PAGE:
No ADA Liability If Alleged Barriers Are Fixed Before Trial.  The Court found that there is no liability under the ADA if alleged barriers to access are remedied prior to trial, because the ADA provides for only injunctive relief.  Thus, the plaintiff’s claim that the store’s entrance did not have an ISA sign was rendered moot when Eddie Bauer subsequently affixed a sign to the entrance.  Thus Eddie Bauer could not incur liability under the ADA.

Moveable Displays Are Not Unlawful Barriers To Accessibility.  The Court rejected the plaintiff’s claim that the aisles in the store were too narrow because there was “too much clothing on the floor.”  Finding that the store had a policy of maintaining 48-inch aisles and moving any merchandise upon request, the Court concluded the store met the applicable standard, and that there was no colorable ADA violation.  The Court also offered the common sense conclusion that “If clothing falls on the floor, it is easily moveable.”

Plaintiff Must Provide Specific Measurements to Establish a Violation of the ADA.  The plaintiff claimed that the store’s check-out counter did not meet a 36-inch maximum height requirement.  However, the Court held that, in order to establish a prima facie case of violation of the ADA, the plaintiff bears the burden of providing precise measurements of any alleged ADA violation.  Consequently, because the plaintiff could only provide estimates of the counter height, but failed to proffer any admissible evidence of the precise measurements of the counter, the plaintiff could not meet his burden of proof.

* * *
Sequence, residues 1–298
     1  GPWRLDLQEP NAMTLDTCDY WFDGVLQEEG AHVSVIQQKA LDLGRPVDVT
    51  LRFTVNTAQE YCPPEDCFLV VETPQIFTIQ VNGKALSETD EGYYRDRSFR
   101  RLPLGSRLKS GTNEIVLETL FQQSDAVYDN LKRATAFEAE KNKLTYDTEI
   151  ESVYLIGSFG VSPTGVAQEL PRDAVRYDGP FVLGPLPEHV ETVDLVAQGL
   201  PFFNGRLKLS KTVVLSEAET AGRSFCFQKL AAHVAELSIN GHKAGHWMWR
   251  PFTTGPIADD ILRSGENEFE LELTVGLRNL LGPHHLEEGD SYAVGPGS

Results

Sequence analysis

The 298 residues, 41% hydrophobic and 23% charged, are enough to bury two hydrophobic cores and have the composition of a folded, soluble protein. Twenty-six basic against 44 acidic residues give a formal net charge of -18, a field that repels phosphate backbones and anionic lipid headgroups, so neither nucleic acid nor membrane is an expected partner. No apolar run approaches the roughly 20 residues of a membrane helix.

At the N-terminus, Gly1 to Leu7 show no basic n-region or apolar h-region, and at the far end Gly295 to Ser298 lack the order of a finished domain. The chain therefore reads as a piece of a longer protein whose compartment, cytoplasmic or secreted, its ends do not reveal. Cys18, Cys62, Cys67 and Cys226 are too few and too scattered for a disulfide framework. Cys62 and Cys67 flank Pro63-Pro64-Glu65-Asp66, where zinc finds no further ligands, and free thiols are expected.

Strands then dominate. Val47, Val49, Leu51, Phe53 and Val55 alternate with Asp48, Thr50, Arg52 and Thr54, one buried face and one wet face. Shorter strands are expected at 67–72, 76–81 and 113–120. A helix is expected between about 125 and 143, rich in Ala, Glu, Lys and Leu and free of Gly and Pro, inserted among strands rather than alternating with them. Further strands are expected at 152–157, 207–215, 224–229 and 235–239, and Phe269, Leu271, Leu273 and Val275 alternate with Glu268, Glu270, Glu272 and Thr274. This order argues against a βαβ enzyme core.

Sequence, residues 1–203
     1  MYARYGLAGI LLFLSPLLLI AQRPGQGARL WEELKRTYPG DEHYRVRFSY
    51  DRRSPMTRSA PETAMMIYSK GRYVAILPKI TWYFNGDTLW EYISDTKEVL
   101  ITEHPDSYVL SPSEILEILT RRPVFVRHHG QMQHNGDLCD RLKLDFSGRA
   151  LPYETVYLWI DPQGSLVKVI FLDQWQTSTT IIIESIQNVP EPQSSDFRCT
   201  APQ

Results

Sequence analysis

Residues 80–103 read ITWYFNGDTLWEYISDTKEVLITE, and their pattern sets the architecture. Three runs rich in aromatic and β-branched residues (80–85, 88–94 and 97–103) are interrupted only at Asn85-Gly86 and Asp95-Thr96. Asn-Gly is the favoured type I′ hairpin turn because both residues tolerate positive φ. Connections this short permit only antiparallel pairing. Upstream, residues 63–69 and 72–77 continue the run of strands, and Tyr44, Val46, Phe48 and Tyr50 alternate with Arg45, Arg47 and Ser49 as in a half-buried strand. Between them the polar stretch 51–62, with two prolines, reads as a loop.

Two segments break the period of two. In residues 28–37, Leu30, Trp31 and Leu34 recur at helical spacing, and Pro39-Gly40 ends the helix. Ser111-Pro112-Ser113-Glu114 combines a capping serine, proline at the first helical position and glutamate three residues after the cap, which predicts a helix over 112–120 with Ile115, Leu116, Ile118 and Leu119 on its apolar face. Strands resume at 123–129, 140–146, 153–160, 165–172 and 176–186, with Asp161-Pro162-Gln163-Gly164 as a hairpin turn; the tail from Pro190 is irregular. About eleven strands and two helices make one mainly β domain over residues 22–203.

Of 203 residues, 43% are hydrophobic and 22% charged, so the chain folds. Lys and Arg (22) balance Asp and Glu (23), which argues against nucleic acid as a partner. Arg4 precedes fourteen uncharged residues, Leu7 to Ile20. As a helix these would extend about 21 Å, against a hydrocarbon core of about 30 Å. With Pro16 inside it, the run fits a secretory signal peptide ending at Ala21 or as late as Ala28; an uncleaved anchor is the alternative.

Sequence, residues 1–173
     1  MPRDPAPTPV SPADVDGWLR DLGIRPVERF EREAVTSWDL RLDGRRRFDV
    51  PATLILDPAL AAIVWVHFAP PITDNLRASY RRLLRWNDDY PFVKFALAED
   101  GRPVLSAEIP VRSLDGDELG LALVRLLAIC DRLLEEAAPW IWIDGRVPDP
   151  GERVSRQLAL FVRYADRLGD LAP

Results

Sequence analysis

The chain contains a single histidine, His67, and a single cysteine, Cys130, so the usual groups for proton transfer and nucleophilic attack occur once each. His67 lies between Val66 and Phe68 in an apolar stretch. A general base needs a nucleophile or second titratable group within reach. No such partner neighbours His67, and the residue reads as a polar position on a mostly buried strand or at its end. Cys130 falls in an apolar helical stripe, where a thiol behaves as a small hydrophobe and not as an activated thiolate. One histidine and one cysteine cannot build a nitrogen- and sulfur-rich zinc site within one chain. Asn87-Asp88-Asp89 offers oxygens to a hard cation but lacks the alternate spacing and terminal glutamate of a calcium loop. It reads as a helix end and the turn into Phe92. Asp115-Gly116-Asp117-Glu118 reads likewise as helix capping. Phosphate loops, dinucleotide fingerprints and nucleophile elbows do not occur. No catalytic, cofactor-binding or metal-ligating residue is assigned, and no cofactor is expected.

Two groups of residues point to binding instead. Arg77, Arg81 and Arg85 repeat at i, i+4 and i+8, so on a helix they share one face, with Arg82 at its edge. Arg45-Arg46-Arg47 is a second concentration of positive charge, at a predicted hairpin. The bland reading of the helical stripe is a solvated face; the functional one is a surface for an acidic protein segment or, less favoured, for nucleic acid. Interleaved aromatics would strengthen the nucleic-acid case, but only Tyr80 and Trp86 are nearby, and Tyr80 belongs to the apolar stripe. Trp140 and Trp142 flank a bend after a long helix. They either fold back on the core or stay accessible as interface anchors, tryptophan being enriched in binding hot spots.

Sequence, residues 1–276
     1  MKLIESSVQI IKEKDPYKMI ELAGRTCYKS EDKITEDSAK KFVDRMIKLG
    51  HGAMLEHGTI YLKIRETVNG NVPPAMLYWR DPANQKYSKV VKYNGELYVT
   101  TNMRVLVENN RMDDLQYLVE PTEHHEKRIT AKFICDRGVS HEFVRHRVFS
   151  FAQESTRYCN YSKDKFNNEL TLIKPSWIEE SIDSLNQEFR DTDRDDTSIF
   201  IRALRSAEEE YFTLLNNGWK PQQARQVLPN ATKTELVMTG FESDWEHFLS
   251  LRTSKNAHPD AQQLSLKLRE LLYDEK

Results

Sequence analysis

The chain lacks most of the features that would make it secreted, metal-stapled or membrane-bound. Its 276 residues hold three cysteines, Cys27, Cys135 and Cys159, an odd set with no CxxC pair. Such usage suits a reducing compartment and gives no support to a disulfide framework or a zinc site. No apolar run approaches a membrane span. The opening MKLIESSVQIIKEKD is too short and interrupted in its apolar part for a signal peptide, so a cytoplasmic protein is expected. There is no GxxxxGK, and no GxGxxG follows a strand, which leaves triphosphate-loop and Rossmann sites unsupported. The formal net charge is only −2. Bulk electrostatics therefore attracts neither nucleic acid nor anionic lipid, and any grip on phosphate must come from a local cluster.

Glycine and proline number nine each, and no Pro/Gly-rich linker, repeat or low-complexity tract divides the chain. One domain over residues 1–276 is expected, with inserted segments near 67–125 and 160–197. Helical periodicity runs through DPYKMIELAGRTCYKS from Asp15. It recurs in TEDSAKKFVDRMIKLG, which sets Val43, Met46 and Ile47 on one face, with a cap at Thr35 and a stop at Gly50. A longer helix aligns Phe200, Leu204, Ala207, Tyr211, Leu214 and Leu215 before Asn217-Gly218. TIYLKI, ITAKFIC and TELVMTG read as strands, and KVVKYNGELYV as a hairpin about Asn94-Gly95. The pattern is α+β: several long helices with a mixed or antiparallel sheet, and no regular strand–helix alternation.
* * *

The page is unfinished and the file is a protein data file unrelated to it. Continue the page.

No Liability Under California’s Accessibility Statutes Unless Plaintiff Can Prove He Was Deterred/Prevented From Access or He Experienced “Difficulty, Discomfort, or Embarrassment.”  The plaintiff also sought statutory damages under state law, based on the CDPA and the Unruh Act.  The plaintiff, along with numerous claimants in other cases, argued that statutory damages must be awarded under state law if there is a violation of the accessibility rules, even if a violation has been remedied.

 In one of the first decisions to address the effect of the 2009 Construction Related Accessibility Standards Compliance Act (“CRAS”) amendments to California’s disability access laws, the Court held that there is no liability under the CDPA and Unruh Act, unless a plaintiff is either (1) deterred or prevented from accessing the place of public accommodation or (2) personally encounters a barrier and experiences “difficulty, discomfort, or embarrassment.”

The Court found that the plaintiff could not meet his burden of proof that he was deterred from access to the store because he encountered no problem entering the store and making a purchase.  Further, the plaintiff testified he did not experience any difficulty, discomfort, or embarrassment based on any of the alleged barriers.  Therefore, the Court found that CRAS precluded plaintiff from recovering damages under the California statutes.


The Kohler result illustrates how cases can fall apart when businesses commit the resources to litigate them on the merits.  Businesses might also be able to recover their fees for litigating such frivolous cases if they prevail, but as with all litigation, there are no guarantees and each case must be assessed based on its facts and circumstances.